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Wildfires Could Impact Southern California Water Quality

Anytime there is an ecological disaster, your Orange County water supply could be at risk. Wildfires are no exception. The record-setting 2017 California Wildfires were some of the most destructive the state has ever seen.

Winter and spring rain exacerbate the issue, slowing down cleanup and causing toxic particles to runoff into streams and reservoirs.

Water Sources from Northern California

The Sierra Nevada range accounts for 60 percent of California’s developed water supply. Burned hills don’t store water well when it rains. Sediment flows downhill, filling streams, affecting water quality and filling up reservoirs, reducing their ability to store water.

According to the U.S. Department of Agriculture, about half the water supply in the southwestern U.S. is supplied by water from forests, which usually yield higher quality water than other sources. approximately 80 percent of the freshwater resources in the U.S. originate in forested land, and more than 3,400 public drinking water systems are located in watersheds containing national forest lands.

Though Southern California is not directly affected by the forest fire outbreak, many area water sources come from northern parts of the state. The State Water Project redistributes water from rivers in Northern California through power plants, pumping stations and aqueducts. 70% of SWP water is used for the San Francisco and Southern California areas.

Other sources for Southern California water include the Los Angeles Aqueduct from the Sierra Nevada Mountains, the Colorado River watershed and local sources, such as recycling and groundwater.

Influence of Wildfire on Local Watersheds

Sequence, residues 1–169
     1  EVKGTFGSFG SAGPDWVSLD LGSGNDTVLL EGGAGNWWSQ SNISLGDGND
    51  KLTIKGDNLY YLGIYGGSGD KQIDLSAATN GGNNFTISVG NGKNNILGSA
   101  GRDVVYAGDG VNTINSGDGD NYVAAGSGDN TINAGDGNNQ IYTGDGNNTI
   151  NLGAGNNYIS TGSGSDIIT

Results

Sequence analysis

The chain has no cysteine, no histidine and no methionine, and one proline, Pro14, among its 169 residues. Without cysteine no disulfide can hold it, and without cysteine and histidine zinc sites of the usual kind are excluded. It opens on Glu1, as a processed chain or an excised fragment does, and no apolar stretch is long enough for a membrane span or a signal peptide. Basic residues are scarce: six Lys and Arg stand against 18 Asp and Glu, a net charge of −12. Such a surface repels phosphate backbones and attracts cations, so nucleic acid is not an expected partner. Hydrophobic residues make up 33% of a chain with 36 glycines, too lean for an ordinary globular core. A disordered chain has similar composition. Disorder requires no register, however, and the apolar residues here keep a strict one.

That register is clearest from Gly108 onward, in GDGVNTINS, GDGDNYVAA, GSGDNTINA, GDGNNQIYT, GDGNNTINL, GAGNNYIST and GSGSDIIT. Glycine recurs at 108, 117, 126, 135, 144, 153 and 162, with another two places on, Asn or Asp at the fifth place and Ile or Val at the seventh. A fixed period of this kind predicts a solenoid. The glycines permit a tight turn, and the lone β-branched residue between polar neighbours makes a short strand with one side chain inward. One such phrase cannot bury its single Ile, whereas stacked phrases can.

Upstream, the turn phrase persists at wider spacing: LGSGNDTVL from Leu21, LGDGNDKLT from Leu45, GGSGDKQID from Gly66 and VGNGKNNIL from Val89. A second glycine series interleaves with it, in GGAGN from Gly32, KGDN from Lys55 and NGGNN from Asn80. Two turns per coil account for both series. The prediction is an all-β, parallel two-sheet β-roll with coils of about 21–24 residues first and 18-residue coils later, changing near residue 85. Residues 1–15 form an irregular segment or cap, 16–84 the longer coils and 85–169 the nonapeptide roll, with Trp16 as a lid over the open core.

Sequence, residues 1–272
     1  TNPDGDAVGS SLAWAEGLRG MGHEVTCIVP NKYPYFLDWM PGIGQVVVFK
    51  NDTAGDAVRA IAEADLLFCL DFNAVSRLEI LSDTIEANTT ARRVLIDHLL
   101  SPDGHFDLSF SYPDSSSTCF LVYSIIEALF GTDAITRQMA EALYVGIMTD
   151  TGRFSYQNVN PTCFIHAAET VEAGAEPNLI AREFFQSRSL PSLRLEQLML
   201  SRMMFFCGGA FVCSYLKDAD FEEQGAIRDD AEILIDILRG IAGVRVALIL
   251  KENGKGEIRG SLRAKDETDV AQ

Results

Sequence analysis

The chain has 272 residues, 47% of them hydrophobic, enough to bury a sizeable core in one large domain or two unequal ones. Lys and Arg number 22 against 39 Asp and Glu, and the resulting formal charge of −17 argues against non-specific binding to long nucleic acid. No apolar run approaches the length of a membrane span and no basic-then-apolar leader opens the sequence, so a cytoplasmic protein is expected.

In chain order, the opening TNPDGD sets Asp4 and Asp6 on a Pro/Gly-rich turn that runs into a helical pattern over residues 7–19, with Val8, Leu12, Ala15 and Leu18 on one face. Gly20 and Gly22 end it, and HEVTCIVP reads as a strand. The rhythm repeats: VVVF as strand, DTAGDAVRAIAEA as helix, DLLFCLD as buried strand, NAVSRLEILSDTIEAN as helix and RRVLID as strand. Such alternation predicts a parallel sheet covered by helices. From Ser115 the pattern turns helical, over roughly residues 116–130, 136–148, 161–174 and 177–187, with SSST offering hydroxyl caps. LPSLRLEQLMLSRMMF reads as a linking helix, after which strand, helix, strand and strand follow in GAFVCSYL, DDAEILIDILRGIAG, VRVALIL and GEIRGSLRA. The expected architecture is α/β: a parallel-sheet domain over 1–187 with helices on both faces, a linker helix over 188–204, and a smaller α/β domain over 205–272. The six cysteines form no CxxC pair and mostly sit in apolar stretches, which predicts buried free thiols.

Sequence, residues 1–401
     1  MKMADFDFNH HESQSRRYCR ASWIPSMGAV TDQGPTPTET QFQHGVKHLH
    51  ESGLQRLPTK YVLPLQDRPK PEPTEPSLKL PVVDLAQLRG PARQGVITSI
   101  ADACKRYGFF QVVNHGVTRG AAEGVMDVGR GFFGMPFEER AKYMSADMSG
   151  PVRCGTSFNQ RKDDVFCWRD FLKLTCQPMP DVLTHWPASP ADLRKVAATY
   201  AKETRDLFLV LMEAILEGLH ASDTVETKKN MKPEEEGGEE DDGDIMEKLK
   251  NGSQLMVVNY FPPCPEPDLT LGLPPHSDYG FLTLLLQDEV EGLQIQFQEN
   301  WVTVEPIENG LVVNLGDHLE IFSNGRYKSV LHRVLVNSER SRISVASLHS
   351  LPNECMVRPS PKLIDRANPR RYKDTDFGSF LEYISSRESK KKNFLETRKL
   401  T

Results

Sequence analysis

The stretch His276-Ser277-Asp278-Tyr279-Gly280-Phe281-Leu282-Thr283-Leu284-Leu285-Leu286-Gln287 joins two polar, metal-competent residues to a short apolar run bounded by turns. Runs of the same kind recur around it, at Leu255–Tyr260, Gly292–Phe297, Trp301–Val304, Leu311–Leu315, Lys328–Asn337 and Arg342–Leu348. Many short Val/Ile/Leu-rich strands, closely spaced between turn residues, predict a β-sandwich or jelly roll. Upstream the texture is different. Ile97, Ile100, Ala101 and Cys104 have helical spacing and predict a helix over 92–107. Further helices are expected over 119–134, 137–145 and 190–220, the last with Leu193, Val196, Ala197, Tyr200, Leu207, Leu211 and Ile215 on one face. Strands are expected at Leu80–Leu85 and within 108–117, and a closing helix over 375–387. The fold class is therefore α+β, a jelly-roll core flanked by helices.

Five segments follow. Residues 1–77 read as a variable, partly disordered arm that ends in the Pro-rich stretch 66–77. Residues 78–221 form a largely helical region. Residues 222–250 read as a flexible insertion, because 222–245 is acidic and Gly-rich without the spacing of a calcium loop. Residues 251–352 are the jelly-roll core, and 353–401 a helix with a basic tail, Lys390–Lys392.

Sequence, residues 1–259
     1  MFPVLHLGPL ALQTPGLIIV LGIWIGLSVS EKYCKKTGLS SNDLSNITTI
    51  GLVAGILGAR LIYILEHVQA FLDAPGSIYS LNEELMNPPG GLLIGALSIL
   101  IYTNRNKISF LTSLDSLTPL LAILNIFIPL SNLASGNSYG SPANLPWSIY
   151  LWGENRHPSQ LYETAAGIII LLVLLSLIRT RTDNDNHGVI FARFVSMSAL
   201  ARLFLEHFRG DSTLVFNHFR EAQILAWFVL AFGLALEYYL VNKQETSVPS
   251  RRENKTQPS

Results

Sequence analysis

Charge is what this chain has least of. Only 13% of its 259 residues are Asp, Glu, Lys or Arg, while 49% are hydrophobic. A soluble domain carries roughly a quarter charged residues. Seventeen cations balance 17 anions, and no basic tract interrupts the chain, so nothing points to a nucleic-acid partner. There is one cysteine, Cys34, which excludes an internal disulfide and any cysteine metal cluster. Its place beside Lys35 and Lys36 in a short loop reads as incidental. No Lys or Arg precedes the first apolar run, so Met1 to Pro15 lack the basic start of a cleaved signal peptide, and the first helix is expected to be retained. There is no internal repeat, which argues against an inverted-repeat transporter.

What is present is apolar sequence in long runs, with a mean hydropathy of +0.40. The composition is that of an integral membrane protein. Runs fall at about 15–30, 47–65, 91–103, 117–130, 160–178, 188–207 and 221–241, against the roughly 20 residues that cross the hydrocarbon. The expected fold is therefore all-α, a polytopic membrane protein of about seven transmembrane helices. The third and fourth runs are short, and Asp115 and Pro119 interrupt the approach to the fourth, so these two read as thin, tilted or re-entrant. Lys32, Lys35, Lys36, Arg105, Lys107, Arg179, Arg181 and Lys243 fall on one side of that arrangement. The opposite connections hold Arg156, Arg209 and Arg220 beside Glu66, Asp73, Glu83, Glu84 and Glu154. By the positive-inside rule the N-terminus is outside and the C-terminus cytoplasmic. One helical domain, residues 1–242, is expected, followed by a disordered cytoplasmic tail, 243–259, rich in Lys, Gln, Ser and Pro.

Water quality can be compromised years after a wildfire has burned. During the actual event, ash can fall on lakes and reservoirs that are important to drinking water supplies. The largest issue, however, is the tendency of watersheds to be more susceptible to flooding and erosion. Other ways California wildfires can affect local watersheds include:

  • Changes of amount and timing of snowmelt runoff, changing the filling of reservoirs.
  • Increased sediment in reservoirs, leading to shortened lifetime and increased costs. This includes nutrients, dissolved organic carbon, ions and metals.
  • Transport of sediment and debris downstream to water treatment plants.
  • Increased turbidity (cloudiness), and increased amounts of iron and manganese, increasing chemical treatment requirements and other changes in chemistry that can alter drinking water treatment.

Treatment Options

Wildfires are unpredictable, and challenging to develop treatment-specific strategies for sources that have been contaminated by its effects. Contact Culligan of Orange County today for a free water test to make sure your water is clean and safe. We have a number of options to treat an increase in dissolved solids, hard water, chlorine, and more.



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